The complaint was not approved by the district attorney's office until March 26, 1980. Appellant was held for court on April 18, 1980. A petition for extension of time was filed September 22, 1980 and subsequently granted. The information, charging appellant with retail theft, third offense was filed September 23. Various petitions for extensions of time were subsequently filed by the Commonwealth as well as waivers of Rule 1100 by appellant. Appellant's petition

[ 324 Pa. Super. Page 552]

    to dismiss pursuant to Rule 1100 was filed June 11, 1981 and following its denial, trial commenced.

Rule 1100 states, in pertinent part:

(a)(2) Trial in a court case in which a written complaint is filed against the defendant after June 30, 1974 shall commence no later than one hundred eighty (180) days from the date on which the complaint is filed.

Appellant argues that the 180 day period commenced on August 7, 1979, the date the complaint was filed and process issued. As the run date would then have been February 3, 1980,*fn3 appellant argues that Rule 1100 was violated. The Commonwealth argues that the 180 day period did not commence until the complaint was approved by the district attorney's office on March 26, 1980 and hence, when the time periods are excluded where extensions were granted by the trial court, no violation occurred.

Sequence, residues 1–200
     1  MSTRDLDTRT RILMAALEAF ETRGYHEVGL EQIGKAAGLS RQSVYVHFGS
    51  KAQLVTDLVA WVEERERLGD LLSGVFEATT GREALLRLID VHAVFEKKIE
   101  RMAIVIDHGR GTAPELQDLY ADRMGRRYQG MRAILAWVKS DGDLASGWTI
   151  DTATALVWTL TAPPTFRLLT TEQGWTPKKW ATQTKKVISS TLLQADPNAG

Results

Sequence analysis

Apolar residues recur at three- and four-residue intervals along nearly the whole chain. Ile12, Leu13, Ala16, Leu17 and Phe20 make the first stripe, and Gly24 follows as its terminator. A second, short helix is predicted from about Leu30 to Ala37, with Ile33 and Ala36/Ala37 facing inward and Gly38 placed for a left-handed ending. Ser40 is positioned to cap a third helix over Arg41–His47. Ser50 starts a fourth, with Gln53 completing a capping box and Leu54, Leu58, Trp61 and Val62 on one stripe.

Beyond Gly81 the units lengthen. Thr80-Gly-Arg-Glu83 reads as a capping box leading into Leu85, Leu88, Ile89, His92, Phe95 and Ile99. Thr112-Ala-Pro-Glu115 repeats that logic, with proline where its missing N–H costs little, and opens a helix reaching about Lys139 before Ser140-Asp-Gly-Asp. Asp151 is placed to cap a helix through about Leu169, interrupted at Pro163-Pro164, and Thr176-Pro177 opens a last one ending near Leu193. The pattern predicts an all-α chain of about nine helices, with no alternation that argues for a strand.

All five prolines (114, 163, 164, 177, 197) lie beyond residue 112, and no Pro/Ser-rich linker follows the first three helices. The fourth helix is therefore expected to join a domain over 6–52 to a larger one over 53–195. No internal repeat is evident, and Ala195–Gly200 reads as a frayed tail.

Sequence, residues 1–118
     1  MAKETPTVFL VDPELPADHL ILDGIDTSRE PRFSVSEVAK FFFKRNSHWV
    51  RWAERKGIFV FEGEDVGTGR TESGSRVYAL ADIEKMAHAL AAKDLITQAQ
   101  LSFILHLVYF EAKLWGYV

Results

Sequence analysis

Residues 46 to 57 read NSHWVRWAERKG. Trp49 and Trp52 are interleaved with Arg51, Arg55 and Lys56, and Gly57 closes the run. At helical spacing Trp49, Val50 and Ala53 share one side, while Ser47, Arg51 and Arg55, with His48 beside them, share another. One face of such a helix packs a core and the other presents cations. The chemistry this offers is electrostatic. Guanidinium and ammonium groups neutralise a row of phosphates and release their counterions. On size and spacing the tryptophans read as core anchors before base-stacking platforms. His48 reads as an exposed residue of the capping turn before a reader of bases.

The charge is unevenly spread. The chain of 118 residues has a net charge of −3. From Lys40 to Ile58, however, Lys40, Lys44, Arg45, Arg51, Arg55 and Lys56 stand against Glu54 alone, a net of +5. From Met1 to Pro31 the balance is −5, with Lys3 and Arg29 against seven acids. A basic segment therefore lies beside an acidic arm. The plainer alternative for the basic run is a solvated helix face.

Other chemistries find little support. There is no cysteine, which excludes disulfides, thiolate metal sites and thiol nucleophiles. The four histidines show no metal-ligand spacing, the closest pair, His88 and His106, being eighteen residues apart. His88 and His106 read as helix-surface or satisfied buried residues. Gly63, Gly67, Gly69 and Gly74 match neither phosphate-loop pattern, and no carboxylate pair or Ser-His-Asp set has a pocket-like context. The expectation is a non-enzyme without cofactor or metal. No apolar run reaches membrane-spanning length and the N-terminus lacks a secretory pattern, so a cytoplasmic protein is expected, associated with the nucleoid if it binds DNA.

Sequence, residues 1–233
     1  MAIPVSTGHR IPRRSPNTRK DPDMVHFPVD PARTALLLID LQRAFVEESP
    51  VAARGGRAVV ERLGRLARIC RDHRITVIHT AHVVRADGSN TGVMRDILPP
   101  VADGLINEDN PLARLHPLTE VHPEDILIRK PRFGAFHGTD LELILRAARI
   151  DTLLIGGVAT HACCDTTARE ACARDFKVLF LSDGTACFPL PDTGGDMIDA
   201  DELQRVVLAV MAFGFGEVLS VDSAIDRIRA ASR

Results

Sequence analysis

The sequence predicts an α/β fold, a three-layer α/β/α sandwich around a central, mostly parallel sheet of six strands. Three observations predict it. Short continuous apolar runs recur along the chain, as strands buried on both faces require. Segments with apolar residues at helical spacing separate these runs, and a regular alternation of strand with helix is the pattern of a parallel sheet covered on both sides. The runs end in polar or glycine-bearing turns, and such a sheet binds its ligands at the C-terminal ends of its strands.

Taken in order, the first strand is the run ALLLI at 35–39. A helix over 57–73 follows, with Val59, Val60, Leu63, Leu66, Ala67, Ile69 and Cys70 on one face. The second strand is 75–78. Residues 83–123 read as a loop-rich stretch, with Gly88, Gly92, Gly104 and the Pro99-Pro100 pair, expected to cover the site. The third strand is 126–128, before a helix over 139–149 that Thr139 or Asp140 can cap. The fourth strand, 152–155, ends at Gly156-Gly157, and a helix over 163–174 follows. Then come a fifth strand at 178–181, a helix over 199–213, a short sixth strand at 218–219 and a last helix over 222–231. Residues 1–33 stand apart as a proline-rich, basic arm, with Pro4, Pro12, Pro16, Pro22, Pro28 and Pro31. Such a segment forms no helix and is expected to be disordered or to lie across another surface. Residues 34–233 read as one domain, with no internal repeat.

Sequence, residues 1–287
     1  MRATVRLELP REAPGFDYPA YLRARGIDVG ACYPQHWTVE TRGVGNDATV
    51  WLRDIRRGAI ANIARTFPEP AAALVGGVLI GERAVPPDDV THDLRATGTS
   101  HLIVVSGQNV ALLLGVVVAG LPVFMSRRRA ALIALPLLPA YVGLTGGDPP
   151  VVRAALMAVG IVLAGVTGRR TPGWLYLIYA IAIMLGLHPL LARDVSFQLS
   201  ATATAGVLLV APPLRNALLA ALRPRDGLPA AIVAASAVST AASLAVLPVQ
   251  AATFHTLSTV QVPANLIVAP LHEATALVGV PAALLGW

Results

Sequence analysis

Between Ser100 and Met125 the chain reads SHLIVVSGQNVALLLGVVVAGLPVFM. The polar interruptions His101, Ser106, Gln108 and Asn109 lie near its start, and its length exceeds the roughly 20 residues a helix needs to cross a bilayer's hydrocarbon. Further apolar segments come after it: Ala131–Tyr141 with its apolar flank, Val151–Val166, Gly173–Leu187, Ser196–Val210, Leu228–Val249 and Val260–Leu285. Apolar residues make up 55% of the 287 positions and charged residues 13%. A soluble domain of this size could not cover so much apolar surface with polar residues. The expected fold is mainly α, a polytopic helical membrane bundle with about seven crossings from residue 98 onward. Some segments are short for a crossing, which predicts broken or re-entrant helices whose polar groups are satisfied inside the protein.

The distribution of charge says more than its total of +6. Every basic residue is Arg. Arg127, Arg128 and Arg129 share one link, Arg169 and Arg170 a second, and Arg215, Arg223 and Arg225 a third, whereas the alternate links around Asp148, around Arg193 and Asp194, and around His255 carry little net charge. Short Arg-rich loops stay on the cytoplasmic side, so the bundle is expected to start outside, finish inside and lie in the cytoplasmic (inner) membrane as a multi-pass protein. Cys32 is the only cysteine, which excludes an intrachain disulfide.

Both parties and the trial court state that the district justice endorsed the complaint in the wrong order; that he should have forwarded the complaint to the district attorney's office for approval prior to endorsing it and issuing process.

The complaint did not specify the grade of retail theft charged in the instant case. Section (g) of the retail theft statute states:

(g) Fingerprinting. --

Prior to the commencement of trial or entry of plea of a defendant 16 years of age or older accused of the summary offense of retail theft, the issuing authority shall order the defendant to submit within five days of such order for fingerprinting by the municipal police of the jurisdiction in which the offense allegedly was committed or the state police. Fingerprints so obtained shall be forwarded immediately to the Pennsylvania State Police for determination as to whether or not the defendant previously has been convicted of the offense of retail theft. The results